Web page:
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January 14, 2022

Self Assessment: HMRC Temporarily Waives Late Filing and Late Payment Penalties

The 31 January 2022 deadline for taxpayers to file their 2020/21 tax returns is quickly approaching. In light of this, HMRC announced on 6 January 2022 that late filing and late payment penalties will be waived for one month for Self Assessment taxpayers who are yet to submit their 2020/21 tax returns.

The announcement was made as a result of the extra pressures taxpayers and their agents are facing this year with COVID-19. HMRC have acknowledged that COVID-19 could be affecting some taxpayers’ ability to file their tax returns by the 31 January deadline.

Although, official HMRC department figures at the date of the announcement show that out of the 12.2 million taxpayers who are required to submit a tax return, nearly 6.5 million taxpayers had already submitted their 2020/21 tax returns in advance of the statutory deadline.

HMRC have made it clear that despite the newly announced penalty waivers, the 31 January 2022 deadline for 2020/21 tax returns is still applicable, and HMRC are encouraging all taxpayers to meet this deadline where possible.

Filing your Return

Generally, where a taxpayer misses the 31 January filling deadline to submit their tax return, HMRC impose an automatic £100 late filing penalty (even where no tax is due).

However, HMRC have introduced a late filing penalty waiver for 2020/21 tax returns, which could result in less of a financial burden for taxpayers when it comes to submitting their tax returns late. In particular, the late filing penalty offers the following relief to taxpayers who submit their tax return after the deadline:

  • Providing that your 2020/21 tax return is submitted within the month after the 31 January deadline (i.e. by 28 February 2022), you will not receive the automatic £100 late filing penalty.

The waiving of the penalties for late submission of tax returns will also apply to Partnership Tax Returns (SA800) and Trust and Estate Tax Returns (SA900). Taxpayers who have filed their paper return late (which had a separate deadline of 31 October 2021) will still be charged a late filing penalty.

Paying your Tax

Further to waiving the above late filing penalty for an additional month, HMRC is also waiving the initial late payment penalty. Previously, where a taxpayer fails to pay their tax liability within 30 days of the 31 January deadline, they will generally be subject to a penalty of 5% of the unpaid tax. However, this penalty waiver will mean that:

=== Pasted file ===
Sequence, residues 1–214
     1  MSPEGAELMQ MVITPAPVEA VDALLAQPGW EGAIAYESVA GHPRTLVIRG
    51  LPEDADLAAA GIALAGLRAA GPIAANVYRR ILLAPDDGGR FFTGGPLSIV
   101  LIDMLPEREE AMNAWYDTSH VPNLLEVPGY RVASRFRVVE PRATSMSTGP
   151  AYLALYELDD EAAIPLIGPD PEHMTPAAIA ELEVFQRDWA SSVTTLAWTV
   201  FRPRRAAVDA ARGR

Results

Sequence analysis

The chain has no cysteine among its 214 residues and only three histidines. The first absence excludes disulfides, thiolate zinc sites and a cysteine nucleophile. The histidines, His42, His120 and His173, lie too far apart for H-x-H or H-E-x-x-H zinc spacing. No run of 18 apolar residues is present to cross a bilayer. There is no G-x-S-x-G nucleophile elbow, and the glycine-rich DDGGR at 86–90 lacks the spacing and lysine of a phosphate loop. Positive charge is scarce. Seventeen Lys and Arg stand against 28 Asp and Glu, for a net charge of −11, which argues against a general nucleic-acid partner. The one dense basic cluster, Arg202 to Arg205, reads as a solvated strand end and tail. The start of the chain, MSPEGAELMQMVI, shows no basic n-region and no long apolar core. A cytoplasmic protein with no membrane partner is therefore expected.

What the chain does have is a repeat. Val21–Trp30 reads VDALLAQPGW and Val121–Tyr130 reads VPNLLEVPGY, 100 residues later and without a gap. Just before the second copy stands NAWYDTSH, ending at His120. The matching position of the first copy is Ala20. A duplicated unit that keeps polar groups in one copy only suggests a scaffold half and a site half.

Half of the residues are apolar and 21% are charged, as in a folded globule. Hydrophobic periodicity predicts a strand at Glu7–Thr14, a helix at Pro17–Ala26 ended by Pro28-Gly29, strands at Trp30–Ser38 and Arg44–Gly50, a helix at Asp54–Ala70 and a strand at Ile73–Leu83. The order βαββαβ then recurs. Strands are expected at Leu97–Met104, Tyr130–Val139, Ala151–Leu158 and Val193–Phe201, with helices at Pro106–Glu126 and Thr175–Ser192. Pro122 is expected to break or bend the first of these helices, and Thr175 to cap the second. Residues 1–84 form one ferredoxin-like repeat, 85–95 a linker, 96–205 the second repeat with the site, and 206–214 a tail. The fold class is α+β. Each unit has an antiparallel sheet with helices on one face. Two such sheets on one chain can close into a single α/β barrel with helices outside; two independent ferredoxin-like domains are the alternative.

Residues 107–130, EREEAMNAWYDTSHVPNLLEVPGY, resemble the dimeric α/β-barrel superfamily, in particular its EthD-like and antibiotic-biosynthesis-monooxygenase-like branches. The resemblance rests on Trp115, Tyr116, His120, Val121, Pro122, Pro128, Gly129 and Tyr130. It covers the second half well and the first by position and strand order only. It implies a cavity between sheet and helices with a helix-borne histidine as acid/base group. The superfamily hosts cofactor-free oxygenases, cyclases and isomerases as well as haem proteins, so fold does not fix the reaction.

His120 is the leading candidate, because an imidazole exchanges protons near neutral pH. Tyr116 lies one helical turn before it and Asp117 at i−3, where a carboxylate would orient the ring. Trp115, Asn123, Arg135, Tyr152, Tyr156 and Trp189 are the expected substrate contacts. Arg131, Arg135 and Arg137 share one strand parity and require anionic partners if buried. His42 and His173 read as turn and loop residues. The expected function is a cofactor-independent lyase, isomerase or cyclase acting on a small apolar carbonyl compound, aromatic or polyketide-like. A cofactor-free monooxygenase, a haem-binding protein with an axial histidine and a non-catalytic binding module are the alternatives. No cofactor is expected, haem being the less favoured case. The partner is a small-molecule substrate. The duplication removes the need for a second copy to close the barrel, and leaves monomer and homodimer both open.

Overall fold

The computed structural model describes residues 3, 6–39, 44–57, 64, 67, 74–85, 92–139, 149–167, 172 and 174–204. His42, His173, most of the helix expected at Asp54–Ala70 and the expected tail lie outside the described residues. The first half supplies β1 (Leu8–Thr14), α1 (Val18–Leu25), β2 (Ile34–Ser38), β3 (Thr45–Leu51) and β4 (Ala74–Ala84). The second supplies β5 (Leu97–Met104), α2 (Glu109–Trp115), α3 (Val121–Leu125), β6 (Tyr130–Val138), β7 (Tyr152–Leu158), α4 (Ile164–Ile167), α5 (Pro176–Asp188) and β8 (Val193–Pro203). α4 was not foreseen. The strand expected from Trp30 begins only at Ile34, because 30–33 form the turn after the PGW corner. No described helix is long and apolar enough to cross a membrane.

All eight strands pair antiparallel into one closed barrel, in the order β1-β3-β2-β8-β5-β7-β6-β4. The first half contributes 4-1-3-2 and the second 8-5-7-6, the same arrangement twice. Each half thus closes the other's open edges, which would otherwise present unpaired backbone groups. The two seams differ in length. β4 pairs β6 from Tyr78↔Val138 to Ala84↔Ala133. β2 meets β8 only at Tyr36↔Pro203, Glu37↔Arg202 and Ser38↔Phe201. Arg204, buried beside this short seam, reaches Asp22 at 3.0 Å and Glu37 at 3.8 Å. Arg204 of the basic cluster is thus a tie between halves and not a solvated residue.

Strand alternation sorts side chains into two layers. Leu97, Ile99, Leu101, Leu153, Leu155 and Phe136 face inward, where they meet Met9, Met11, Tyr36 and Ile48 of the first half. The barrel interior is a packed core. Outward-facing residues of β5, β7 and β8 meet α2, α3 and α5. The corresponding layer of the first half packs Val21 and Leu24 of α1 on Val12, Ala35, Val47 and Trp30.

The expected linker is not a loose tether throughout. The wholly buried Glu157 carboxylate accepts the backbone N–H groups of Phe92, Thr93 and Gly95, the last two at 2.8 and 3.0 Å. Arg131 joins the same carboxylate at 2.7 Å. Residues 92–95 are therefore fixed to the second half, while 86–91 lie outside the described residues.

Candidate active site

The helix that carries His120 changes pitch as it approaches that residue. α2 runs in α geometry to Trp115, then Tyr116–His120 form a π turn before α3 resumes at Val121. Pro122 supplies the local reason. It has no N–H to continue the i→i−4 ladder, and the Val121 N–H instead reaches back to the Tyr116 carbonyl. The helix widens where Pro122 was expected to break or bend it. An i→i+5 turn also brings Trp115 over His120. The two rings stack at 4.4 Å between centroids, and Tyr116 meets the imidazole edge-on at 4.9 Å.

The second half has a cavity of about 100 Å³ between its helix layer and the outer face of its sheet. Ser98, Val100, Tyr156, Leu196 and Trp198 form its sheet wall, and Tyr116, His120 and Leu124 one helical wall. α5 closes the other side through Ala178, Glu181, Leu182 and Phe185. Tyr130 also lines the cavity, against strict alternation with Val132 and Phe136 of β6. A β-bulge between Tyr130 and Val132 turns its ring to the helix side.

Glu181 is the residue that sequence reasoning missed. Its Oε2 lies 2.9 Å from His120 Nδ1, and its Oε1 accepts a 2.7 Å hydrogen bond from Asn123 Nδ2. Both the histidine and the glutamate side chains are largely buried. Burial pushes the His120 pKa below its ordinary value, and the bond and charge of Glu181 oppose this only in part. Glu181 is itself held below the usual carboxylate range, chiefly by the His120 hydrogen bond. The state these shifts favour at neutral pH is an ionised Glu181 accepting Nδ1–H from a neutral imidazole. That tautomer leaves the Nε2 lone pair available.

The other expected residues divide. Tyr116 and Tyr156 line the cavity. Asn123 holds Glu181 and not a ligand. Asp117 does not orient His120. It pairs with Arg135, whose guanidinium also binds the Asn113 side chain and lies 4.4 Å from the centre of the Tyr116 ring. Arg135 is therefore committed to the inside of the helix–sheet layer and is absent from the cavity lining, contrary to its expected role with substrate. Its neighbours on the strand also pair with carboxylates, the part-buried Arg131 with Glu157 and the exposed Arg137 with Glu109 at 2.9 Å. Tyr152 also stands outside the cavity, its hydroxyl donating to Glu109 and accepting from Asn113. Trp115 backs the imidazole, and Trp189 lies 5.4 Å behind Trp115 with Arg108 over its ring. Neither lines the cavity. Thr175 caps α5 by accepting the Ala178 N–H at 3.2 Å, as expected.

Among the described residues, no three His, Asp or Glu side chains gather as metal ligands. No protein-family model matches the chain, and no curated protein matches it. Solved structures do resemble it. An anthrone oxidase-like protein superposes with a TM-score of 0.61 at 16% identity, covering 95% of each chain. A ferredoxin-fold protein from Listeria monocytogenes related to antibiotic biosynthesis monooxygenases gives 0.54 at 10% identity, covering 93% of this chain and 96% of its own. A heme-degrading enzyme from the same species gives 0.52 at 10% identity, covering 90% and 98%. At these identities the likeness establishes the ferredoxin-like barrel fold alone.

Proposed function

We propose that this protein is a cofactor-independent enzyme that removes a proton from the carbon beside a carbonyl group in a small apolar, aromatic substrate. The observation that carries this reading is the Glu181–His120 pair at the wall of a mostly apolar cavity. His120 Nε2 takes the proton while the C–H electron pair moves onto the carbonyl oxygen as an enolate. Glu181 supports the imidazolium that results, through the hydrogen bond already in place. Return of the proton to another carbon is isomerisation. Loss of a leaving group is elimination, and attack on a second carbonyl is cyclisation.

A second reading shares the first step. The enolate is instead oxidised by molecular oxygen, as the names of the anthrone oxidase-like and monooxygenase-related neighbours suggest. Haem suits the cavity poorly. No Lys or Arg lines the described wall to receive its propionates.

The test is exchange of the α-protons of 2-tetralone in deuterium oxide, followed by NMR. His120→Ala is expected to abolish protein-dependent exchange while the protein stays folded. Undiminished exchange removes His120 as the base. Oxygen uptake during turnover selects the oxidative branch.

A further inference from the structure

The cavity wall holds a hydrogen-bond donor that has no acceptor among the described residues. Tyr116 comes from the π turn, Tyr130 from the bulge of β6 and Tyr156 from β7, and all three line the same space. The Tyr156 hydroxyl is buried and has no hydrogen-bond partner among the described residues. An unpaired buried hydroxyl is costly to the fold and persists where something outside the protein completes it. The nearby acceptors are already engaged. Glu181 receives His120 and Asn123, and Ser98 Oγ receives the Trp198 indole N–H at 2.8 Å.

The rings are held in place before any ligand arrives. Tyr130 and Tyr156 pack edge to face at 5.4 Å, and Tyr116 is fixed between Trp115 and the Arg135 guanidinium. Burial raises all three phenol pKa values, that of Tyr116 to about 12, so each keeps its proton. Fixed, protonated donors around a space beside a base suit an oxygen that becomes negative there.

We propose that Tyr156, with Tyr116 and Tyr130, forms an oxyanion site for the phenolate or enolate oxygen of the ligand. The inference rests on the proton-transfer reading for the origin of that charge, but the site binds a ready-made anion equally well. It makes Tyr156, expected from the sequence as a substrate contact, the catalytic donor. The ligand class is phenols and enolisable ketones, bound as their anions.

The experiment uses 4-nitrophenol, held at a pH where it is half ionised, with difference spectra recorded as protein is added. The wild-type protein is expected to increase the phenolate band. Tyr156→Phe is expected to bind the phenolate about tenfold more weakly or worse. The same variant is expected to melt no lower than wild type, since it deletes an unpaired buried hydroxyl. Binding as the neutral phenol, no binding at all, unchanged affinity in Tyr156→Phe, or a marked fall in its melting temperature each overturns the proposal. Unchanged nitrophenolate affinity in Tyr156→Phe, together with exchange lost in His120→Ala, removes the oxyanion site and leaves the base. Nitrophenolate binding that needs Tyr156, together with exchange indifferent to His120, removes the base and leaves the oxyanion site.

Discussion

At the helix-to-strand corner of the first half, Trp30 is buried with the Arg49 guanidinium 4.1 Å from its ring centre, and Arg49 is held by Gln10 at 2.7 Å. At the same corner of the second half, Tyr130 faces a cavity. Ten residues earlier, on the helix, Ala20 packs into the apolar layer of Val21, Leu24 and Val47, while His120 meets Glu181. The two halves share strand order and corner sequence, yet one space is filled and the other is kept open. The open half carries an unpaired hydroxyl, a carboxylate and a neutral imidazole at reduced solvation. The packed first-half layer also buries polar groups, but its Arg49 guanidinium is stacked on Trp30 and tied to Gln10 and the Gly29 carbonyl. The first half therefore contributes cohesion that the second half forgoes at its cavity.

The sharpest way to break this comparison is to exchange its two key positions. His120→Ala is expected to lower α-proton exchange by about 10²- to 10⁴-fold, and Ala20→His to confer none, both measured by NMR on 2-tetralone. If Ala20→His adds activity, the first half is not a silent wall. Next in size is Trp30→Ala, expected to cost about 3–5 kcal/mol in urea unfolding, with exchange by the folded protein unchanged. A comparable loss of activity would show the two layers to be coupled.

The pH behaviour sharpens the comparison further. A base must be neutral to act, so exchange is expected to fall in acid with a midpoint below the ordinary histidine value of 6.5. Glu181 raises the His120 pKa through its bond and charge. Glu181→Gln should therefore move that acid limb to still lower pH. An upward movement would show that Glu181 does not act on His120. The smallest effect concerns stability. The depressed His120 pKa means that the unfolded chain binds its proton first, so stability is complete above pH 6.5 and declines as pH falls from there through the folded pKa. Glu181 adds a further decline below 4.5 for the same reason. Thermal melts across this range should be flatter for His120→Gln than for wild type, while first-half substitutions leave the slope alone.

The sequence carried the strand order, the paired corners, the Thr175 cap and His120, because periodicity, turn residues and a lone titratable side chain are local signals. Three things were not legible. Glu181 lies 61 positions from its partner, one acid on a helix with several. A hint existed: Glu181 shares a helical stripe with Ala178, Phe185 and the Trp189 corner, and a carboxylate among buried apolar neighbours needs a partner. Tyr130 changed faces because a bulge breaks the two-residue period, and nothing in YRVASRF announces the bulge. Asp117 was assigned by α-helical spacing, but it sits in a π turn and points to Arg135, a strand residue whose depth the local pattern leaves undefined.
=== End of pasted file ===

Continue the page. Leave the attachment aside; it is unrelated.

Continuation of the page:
• Taxpayers who cannot pay their 2020/21 tax liability by 31 January 2022 deadline will not receive this late payment penalty on 03 March 2022 if they pay their tax bill in full, or they sent up a time to payment arrangement by 01 April 2022.

However, it is worth noting that interest will still be payable on any outstanding tax due from after the statutory deadline (i.e. from 1 February 2022). Therefore, it is still advisable to pay the tax on time if possible, to avoid paying any interest charges at the current rate of late payment interest of 2.75% of the outstanding tax liability due.

Time to Pay Arrangement

As discussed above, HMRC offer a Time to Pay Arrangement which allows taxpayers to spread the cost of their tax bill over a period of time. Therefore, for those still struggling to pay their tax bill after the announcement of these waivers, a Time to Pay Arrangement can be set up after their tax return has been filed.

For Self Assessment tax liabilities of no more than £30,000, you can speak with HMRC about setting up a payment plan here on the GOV.UK website.

If you have a Self Assessment bill of over £30,000, or you need your tax bill to be spread over more than 12 months to pay the liability, you may still be able to set up a Time to Pay Arrangement by calling the Self-Assessment Payment Helpline on 0300 200 3822.

If you have any queries on any of the information in this article, or need help with the filing of your tax returns, please do not hesitate to get in contact with a member of the team for expert tax advice.

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